- California has experienced an estimated 30% drop in the volume of beverage containers reclaimed through its deposit program from March 14 to May 22, compared with last year, according to preliminary data from the California Department of Resources Recycling and Recovery (CalRecycle). Accurate final data will take at least 90 days to compile, CalRecycle Public Information Officer Lance Klug told Waste Dive.
- The drop in redeemed beverage container volume is believed to be caused by a combination of temporary redemption centers closures and consumers voluntarily avoiding venturing into public spaces. The shift equates to about a $61 million reduction in the amount of deposit money redeemed.
- On April 22, Gov. Gavin Newsom signed an executive order suspending for 60 days several regulations including the requirement for beverage redemption centers to operate as well as the statewide single-use plastic bag ban. Most states with bottle bills have suspended their programs or regulation enforcement for a limited time during the pandemic.
CalRecycle does not have data on what is happening to the containers that usually would be redeemed. Consumers might be putting them in curbside recycling bins, throwing them in the trash or stockpiling them for future redemption. Recycling industry analysts have cited nationwide anecdotal evidence — but no firm data — indicating some people are stockpiling used beverage cans while others are throwing them out.
California and Michigan are the two largest contributors of deposit program UBCs that go into making new aluminum cans. Reduced UBC volumes during the pandemic are affecting manufacturers' feedstock supply, and some analysts suggest that might lead to greater amounts of virgin material being used for can manufacturing. CalRecycle is aware of this supply chain disruption, as well as similar trouble for glass and fiberglass manufacturers.
Currently, the department is starting to see the lower volume trend begin to reverse as stay-at-home orders are loosened and lifted. "We anticipate a corresponding increase in volumes once the state reopens," Klug said.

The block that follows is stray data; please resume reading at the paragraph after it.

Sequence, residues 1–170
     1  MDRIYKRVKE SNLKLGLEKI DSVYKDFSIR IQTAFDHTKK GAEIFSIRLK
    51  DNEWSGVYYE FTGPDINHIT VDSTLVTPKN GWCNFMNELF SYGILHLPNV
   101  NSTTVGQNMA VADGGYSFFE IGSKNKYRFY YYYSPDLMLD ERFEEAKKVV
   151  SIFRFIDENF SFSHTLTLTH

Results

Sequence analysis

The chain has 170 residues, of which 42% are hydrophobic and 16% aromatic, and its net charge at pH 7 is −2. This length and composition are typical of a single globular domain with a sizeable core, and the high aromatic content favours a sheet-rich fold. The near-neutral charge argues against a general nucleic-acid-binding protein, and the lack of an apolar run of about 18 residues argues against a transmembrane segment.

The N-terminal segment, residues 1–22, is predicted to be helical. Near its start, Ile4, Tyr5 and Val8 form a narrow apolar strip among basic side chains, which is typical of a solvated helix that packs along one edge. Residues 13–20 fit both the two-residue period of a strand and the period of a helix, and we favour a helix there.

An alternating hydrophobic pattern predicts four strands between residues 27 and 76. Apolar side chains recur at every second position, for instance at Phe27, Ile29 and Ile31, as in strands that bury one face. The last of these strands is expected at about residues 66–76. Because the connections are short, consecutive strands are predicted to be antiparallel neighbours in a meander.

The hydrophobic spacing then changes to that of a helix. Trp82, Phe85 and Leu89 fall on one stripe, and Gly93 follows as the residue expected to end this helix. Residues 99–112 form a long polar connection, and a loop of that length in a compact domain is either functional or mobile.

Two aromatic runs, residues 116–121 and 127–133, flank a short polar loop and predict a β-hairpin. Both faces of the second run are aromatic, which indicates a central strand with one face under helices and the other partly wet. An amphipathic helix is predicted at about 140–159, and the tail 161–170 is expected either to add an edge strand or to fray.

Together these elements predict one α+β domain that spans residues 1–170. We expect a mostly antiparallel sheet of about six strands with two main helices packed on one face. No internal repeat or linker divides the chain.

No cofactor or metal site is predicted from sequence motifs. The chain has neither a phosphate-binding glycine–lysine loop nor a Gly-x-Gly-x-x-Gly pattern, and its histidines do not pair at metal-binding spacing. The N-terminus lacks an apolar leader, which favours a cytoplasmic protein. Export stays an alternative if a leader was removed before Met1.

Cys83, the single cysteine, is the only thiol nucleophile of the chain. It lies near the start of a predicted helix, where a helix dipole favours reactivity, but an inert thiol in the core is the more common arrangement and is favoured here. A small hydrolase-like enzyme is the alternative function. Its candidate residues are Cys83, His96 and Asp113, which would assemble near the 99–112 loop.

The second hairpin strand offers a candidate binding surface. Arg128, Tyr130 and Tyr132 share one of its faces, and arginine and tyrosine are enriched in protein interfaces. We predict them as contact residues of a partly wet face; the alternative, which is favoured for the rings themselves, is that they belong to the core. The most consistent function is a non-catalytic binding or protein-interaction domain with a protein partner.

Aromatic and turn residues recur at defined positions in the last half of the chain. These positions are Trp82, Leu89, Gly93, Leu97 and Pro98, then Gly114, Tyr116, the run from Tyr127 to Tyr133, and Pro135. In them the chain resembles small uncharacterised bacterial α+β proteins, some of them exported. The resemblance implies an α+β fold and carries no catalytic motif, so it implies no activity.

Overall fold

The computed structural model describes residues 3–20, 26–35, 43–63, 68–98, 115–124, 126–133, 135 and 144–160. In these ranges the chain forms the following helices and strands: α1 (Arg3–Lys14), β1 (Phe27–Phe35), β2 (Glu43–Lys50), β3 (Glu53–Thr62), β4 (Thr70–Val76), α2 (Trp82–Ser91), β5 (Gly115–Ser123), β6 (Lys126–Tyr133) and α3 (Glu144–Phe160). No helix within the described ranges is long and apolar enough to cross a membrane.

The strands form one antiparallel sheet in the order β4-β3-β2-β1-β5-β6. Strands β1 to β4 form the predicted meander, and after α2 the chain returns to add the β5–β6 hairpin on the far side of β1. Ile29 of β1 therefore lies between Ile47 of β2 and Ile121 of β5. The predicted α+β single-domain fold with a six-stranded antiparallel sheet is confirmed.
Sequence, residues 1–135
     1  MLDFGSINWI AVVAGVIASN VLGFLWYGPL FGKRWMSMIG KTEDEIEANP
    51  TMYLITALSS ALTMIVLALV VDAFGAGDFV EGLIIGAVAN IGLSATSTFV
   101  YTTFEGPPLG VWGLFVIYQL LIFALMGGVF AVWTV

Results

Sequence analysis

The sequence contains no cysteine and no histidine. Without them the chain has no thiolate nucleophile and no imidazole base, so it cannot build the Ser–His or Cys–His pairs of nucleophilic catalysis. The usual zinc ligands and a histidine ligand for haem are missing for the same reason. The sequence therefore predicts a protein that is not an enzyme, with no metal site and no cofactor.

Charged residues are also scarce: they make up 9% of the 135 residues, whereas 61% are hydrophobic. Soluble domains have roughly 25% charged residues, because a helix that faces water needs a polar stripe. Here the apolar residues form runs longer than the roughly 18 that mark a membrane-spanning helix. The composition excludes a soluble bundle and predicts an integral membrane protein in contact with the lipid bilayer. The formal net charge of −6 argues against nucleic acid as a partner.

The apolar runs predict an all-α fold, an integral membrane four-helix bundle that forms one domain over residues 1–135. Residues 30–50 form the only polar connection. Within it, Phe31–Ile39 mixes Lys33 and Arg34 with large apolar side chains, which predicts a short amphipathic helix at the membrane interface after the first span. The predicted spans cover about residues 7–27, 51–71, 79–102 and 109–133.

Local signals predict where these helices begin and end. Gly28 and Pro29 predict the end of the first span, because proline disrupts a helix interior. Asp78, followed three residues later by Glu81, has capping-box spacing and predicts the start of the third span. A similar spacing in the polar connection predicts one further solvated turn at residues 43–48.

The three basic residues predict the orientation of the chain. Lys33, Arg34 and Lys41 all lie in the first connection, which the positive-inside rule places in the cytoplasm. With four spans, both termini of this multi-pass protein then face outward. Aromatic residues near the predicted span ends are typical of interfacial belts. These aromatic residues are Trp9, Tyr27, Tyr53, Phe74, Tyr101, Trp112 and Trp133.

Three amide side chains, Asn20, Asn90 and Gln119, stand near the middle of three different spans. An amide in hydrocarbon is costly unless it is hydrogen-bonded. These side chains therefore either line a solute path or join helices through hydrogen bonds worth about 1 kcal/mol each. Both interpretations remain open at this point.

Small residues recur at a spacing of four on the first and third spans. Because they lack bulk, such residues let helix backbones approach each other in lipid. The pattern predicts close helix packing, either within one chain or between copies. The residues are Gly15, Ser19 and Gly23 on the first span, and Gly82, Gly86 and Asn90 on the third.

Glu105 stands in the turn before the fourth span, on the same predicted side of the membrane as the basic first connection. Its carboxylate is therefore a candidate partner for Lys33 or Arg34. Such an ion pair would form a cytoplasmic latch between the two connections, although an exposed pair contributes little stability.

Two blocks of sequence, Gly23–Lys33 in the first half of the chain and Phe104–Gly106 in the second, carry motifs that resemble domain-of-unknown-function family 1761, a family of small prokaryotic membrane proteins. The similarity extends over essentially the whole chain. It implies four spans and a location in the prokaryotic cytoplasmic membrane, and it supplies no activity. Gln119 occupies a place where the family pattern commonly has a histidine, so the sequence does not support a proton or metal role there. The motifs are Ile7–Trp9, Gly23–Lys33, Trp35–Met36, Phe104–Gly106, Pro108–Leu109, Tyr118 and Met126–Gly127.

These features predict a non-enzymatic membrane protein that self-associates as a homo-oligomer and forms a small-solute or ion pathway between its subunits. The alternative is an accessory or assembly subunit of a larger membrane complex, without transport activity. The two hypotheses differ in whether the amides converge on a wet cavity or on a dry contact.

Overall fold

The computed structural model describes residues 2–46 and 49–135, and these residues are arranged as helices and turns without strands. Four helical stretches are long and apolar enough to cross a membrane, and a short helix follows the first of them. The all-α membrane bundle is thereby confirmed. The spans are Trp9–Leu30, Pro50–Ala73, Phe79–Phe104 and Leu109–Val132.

California's redemption program has sustained ongoing criticism over its effectiveness and was strained further by the sudden closure of 284 redemption centers by the large company rePlanet last summer. Some recycling advocates say the redemption program is so broken it drove rePlanet and hundreds of other recycling centers out of business. They've been calling on both CalRecycle and state legislators to take action to prevent the entire system from collapsing.
The number of available recycling centers declined by an estimated 53% between 2013 and 2019, according to one recent report from the Changing Markets Foundation and National Stewardship Action Council (NSAC). The report says this has contributed to a declining state redemption rate landing at 66% for 2018 – a figure which does not include 12% of containers collected through curbside and drop-off programs – and argues this is lower than some other states with bottle bills. CalRecycle reports its overall container recycling rate, a statutorily defined term that is calculated differently, was 76% in 2018 and 75% in 2019.
In March, CalRecycle issued a report to the legislature that outlined ways to make the redemption program more economical by reducing or eliminating public costs of supporting less profitable recycling centers, while maintaining the public's ability to redeem containers. The report offered options for expanding or reconfiguring access in "convenience zones," adding new redemption methods and boosting recycled material markets.
In January, the state made $5 million in funding available for pilot programs to boost redemption opportunities and improve recycling rates in unserved areas. Applications are ongoing through January 2022, but some believe the state isn't moving fast enough with getting the projects off the ground.
"We're disappointed to see that these pilot programs haven't yet been approved by CalRecycle. We're advocating for rapid adoption of pilot programs to bring redemption opportunities to areas where people have no convenient access and can't get their money back," said Susan Collins, president of the Container Recycling Institute (CRI).
CRI also hopes the state continues to appropriately use the $400 million in the beverage container fund and sub-accounts to support the redemption process in California, a point also raised in the NSAC report.
"During the 2008/2009 recession, the state borrowed from the beverage container program and used the money for the general fund, which forced the entire program into 'proportional reduction,' cutting payments to redemption centers," Collins said.
The money in the fund spent by the program is directed by statute, according to CalRecycle. It is used to pay refunds for the containers returned for recycling, provide supplemental payments to recycling centers and others in the industry, offset beverage manufacturer processing fees and pay for program administration.
Clarification: This article has been updated to reflect the full extent of California's container recycling rates in 2018 and 2019.